Off Grid Batteries

In my experience with off-grid electricity, it seems that energy storage is the most expensive and troublesome part of the whole thing.

The conventional wisdom is that good old lead acid batteries are still the most cost effective solution, and that AGM batteries are nice for a low maintenance solution if you are willing to pay more.

All of that works out pretty well, until I have about 3 or 4 days without sun. Then, I start to see that I need a bigger battery bank. But the batteries I have are already the most expensive part of the system.

I wonder if there is any sort of DIY solution to drive down the cost of energy storage?

I also wonder about other technologies. Dave recently posted this link in another thread for a different battery technology…

Have any of you tried anything like this?


A wood-gas powered generator to recharge the batteries might be a way. Wood seems like the ultimate solar energy storage.


Hi Kyle. Those salt batteries look very promising. Cheaper to make but still very expensive to buy. You get to a point though where the best option is generator recharging… It is what drew me into the wood gas world; Forests are a great solar battery.


Cory & David

Good point.

I guess I have been looking at this from a “solar” perspective, since that is where my experience is so far.

I have yet to complete my first wood gas project, but it is coming along.

But I have been thinking of the things as separate. Wood gas for transportation. And solar (and/or hydro) for the house.

But I guess I need to be thinking about wood gas as a “backup plan” for those inevitable stretches of cloudy weather.

Funny how the obvious sometimes eludes me.



Hi Kyle ,
I have a small solar set up in my garden roughly 1 KW That’s split into 2 and that charges a 12 volt and a 24 volt battery banks made up of very old deep cycle Trojan batteries .
During the summer months I have no problem running everything in the shed and house, apart from the kitchen oven , and as long as we have had a nice sunny day the batteries will last till the next morning .

During winter is when I struggle with sunshine and that’s where my charcoal gasifier comes into its own , simple to make fuel ( shovel coals from wood fire heater that runs 16hours a day ) simple to build simple to run and a simple car and truck alternator on a 13hp engine , and that brings the sunshine back to my batteries .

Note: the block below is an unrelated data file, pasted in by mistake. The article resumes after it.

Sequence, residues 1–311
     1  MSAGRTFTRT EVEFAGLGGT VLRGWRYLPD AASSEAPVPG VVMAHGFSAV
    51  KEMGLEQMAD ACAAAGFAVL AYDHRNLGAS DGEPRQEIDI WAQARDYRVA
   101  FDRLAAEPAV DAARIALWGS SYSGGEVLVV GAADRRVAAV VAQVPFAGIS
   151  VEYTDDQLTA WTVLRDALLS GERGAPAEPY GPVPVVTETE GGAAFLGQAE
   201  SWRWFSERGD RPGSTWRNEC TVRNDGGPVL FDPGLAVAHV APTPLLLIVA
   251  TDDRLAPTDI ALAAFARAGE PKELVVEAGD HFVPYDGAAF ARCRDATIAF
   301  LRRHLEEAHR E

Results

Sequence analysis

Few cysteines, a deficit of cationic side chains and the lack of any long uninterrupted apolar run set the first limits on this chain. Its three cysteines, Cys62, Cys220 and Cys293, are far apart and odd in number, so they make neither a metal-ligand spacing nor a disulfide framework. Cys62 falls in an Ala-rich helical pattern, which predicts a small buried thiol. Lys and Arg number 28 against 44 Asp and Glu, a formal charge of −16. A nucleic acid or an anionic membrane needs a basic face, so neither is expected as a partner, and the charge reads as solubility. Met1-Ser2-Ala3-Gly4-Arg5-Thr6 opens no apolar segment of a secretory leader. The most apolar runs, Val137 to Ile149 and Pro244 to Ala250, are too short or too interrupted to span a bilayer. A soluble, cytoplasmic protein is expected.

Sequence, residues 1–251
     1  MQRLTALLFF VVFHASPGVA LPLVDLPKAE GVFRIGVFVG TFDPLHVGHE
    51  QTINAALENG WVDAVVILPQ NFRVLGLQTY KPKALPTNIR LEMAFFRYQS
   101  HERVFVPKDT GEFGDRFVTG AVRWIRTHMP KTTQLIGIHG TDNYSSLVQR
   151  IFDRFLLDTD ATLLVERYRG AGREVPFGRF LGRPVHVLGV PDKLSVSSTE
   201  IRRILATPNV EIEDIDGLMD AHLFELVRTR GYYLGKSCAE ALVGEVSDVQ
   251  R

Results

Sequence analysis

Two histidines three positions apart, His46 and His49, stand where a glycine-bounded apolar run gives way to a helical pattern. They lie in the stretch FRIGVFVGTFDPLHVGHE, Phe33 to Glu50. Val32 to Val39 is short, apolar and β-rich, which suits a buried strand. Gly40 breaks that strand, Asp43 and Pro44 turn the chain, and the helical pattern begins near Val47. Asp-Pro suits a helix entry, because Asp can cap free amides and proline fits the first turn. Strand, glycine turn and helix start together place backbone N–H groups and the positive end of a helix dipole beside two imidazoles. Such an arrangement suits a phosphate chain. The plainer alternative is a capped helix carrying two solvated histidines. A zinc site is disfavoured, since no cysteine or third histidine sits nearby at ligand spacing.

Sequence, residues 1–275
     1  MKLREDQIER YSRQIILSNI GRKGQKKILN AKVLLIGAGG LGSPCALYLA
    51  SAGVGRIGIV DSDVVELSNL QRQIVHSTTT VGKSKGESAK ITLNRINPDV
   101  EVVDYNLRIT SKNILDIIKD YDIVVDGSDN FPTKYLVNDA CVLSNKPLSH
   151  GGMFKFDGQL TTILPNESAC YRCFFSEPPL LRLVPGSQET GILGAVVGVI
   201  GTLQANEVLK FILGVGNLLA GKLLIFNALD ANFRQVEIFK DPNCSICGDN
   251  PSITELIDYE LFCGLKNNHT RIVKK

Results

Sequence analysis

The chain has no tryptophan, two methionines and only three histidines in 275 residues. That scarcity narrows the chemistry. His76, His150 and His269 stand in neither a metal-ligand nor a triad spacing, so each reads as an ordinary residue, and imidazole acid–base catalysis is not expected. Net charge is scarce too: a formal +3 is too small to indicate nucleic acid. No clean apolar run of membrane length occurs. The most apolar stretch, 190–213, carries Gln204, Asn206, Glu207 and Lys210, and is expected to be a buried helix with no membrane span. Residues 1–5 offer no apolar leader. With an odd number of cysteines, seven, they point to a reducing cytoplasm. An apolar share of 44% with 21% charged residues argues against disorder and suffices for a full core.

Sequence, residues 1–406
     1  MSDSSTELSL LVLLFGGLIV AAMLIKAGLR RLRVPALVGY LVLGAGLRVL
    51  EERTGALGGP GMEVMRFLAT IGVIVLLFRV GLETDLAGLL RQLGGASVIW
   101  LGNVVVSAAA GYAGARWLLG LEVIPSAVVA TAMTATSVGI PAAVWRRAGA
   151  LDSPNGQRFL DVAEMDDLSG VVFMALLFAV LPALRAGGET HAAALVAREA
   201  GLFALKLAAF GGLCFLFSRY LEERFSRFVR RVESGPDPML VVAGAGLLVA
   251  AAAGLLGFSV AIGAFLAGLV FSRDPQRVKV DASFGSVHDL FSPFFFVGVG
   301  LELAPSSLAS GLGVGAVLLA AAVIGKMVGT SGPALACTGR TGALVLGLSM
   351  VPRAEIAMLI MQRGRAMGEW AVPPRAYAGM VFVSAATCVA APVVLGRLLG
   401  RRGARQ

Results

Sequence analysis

Really, electrical generation is an excellent application for wood gasifiers. It doesn’t really need to be light weight or compact like you would ideally want on a vehicle and since you have extra room, you could add extra scrubbers without compromizing space… Also, since generators typically run at one speed, so getting the correct oxygen/fuel mix would be a once-and-done setting.


Hello Mr. Cory

The amount of restriction in the char bed will dictate the fuel /air ratio setting of the motor. If the restriction in the char bed remains the same there would be no need for any adjustment of the fuel air setting once it is set … However this restriction ( coarse vs dense ) is usually changing to some degree . I have found in most cases if the char bed starts out coarse ( little restitution ) a more open air setting will be needed… After the gasifier is run for some time the fines start to accumulate and the restriction will increase . At this point the air setting needs closing some to keep the correct setting . If the restriction gets to be too much it may require a flick of the grate shaker to loosen the char bed and another air setting is needed . Sometime if the char bed is getting restricted some char may fall off the side of the grate ( small internal avalanche of char ) to correct itself. In short the restriction of the char bed is usually dynamic even if the draw of the gasifier remains the same .

We might see if some others will chime in to see if they have had the same experience ?


Wayne, you keep making the 75 percent easier to reach.